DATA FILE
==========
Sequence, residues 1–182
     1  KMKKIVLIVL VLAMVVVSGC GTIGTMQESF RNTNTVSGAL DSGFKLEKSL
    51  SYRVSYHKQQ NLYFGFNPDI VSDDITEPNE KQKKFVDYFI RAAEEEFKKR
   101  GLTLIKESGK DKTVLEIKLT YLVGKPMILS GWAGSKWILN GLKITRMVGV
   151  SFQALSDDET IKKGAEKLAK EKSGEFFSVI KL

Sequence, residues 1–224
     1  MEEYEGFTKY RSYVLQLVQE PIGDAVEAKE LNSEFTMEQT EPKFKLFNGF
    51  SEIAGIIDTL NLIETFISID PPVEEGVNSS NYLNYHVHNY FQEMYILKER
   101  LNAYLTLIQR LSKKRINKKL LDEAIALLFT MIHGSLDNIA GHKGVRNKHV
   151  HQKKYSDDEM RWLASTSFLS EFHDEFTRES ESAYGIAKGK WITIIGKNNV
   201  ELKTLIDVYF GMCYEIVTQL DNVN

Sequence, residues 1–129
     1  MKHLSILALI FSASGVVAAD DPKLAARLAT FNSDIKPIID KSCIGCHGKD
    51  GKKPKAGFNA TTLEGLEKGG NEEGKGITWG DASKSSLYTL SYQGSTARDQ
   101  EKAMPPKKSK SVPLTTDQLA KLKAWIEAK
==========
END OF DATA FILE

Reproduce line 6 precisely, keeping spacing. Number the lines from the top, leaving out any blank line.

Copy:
Sequence, residues 1–224